The following are brief descriptions of the initial projects the Pathway Innovators are undertaking in the first phase of the Pursuing Excellence initiative.
Children’s National Medical Center, Washington D.C.
Children’s National will implement an in situ (in the clinical setting) simulation program across the organization to address safety culture and knowledge, common safety language, safety behaviors, and quality improvement to better understand the workforce's knowledge and capacity in patient safety and quality methods, as well as to identify subsequent areas of focus for improvement. The program will be linked to a "Patient Safety Passport" portal that will provide foundational safety knowledge in an interactive electronic environment. The portal will collect, integrate, and aggregate data from the participation of residents, nurses, ancillary staff members, and faculty members to determine the effectiveness of the intervention. Organizational quality, safety, and culture measures will be correlated with the data obtained through the portal and the in situ simulations.
Cleveland Clinic Foundation, Cleveland, OH
The Cleveland Clinic project consists of utilizing resident-led/faculty-coached multidisciplinary teams to explore transitions of care, identify vulnerable components and deficiencies, propose and implement solutions, and finally revisit the individual transition of care to examine the effect of the intervention. The cycle is then repeated until optimization is reached. A curriculum will provide the interdisciplinary team with didactic and workshop-based instruction as the project progresses. A program has already been implemented for a large number of quality improvement projects at Cleveland Clinic and has been successful in optimizing a variety of clinical care delivery processes. Once best practices have been determined, they will be shared within the Cleveland Clinic Health System, and with other institutions.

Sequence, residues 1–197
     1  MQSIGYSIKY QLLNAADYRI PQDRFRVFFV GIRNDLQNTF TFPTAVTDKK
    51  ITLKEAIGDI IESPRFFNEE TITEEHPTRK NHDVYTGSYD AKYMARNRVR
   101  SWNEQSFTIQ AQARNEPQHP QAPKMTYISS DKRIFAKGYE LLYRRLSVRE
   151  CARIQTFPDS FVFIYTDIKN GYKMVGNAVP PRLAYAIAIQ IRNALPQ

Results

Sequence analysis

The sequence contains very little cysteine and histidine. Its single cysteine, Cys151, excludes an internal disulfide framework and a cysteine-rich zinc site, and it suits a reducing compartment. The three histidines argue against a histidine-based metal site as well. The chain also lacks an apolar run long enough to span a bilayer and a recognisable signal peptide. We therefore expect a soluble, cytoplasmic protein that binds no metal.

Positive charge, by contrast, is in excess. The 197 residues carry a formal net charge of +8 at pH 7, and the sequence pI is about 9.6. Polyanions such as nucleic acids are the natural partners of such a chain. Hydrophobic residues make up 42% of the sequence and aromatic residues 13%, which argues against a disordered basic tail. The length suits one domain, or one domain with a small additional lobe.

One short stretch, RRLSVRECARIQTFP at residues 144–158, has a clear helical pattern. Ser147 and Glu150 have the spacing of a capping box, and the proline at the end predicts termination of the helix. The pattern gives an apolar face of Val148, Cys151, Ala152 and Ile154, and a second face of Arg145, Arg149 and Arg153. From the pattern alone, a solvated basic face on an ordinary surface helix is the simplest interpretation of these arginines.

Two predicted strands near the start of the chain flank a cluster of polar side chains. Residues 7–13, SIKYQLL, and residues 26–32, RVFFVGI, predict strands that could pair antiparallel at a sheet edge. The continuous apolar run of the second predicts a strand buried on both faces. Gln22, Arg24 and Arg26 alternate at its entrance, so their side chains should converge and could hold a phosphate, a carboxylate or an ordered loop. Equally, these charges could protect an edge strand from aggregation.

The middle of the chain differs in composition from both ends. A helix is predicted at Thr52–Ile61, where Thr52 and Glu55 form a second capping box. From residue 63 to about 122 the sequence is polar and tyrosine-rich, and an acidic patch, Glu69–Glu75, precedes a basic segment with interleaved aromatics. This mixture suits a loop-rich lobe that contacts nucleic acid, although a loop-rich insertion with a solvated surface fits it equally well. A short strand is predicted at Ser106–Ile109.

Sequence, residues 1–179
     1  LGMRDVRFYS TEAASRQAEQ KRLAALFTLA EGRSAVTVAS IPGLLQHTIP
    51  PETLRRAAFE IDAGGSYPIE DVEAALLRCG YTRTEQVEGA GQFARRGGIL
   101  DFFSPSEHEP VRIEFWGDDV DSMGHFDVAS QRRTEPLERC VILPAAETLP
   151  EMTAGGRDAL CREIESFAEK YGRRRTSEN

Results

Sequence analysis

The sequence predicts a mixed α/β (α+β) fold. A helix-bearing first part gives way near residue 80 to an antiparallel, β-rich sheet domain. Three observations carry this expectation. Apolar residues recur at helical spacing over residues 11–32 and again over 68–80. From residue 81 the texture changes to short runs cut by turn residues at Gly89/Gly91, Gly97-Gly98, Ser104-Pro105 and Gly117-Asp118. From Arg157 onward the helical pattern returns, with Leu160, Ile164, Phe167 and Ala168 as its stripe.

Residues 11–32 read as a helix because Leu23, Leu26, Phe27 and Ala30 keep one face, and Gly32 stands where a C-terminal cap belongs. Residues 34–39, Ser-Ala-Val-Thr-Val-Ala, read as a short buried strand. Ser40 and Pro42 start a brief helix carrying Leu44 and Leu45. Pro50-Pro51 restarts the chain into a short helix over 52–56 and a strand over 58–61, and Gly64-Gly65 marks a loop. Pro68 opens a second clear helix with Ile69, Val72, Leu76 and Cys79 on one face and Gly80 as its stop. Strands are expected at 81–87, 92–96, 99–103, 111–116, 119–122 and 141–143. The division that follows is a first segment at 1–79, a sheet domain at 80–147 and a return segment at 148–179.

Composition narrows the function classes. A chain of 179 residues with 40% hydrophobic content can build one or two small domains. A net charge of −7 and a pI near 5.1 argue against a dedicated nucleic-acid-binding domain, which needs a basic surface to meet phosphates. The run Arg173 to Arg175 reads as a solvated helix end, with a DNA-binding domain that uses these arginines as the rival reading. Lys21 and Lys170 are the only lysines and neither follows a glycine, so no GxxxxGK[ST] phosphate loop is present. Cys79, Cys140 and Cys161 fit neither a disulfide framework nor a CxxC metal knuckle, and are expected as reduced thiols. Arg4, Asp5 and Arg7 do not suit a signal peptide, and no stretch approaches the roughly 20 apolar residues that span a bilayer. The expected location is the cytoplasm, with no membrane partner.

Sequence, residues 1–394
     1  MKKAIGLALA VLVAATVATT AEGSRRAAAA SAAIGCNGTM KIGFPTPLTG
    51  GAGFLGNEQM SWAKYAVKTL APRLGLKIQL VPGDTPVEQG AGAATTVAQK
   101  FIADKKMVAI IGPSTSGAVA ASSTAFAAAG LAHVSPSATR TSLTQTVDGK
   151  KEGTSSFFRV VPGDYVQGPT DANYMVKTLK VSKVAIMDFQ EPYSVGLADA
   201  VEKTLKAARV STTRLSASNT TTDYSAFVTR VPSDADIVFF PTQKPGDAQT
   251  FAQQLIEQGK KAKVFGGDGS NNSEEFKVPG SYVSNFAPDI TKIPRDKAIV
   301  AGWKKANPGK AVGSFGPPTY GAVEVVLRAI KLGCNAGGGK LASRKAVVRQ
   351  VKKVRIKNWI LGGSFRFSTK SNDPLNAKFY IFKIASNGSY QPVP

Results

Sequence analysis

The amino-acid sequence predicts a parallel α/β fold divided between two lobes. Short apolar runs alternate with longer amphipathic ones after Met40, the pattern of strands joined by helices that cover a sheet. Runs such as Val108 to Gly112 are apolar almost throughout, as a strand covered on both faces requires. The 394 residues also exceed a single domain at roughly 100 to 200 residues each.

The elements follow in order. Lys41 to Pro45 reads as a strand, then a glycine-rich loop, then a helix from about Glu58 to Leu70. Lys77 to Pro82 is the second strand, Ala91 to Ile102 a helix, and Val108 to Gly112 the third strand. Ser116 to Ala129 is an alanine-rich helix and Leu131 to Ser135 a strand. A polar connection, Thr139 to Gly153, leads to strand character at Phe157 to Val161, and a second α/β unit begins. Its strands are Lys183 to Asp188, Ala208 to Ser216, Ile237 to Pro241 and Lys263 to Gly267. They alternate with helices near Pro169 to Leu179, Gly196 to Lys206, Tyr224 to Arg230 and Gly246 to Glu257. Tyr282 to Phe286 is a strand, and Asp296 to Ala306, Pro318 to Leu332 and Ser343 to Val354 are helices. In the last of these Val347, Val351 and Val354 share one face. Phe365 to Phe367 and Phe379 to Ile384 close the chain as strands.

Dell Seton Medical Center – University of Texas at Austin,
The Dell Medical School will implement a groundbreaking curriculum that trains residents to provide care centered on patients and their experience. The curriculum and related initiatives will stress ways of increasing efficiency, reducing errors, improving educational outcomes for students, and enhancing patient satisfaction. It will emphasize concepts such as quality, safety, experience, and cost, while framing medical overuse as a patient safety problem. It also will stress teamwork and communication among a range of health providers and professionals to help prevent harm and the use of non-essential services. The program seeks to capitalize on the unique opportunity to create a curriculum from scratch and build a modern teaching hospital around the needs and challenges of 21st century health care, both of which will serve as models for other institutions and communities.
Maine Medical Center (MMC), Portland, ME
MMC will redesign the clinical learning environment to improve interprofessional care and education. Primary goals include: patient-centered care; greater resident engagement in patient safety and quality; enhanced provider and staff well-being and satisfaction; and efficiency of care and education. A centerpiece is the establishment of the iPACE unit (Interprofessional Partnership to Advance Care and Education) – a new 18-bed patient care unit used to create a fundamentally redesigned interprofessional clinical learning and care environment. This includes co-leadership by a nursing director and attending physician, a functionally integrated interprofessional team, and interprofessional team learning that engages systems engineering students and health professionals, and integrates education on systems engineering approaches to understanding and improving care quality. Engineering design methods, simulation modeling, and other operations research tools will be used to assess the potential impact of the redesigned service on care efficiency and quality, and to optimize logistics
Our Lady of the Lake Regional Medical Center, Baton Rouge, LA
Our Lady of the Lake (OLOL) Regional Medical Center will implement an initiative centered on safety education and event reporting (SAFER). The project focuses on increasing event reporting behavior through targeted education and imbedded “on-the-fly” coaching, which will include nurses, physician assistants, PA students, residents, and attending physicians. In order to support and enhance a positive safety culture, an electronic application (app) available to all health care professionals and students will be used. This app allows for provision of positive feedback and acknowledgement of one another as health care professionals in the management and demonstration of safety reporting. OLOL is one of five hospitals within the Franciscan Missionaries of Our Lady Health System (FMOLHS), the largest health care system in Louisiana, and anticipates spreading successful outcomes of this initiative across the system.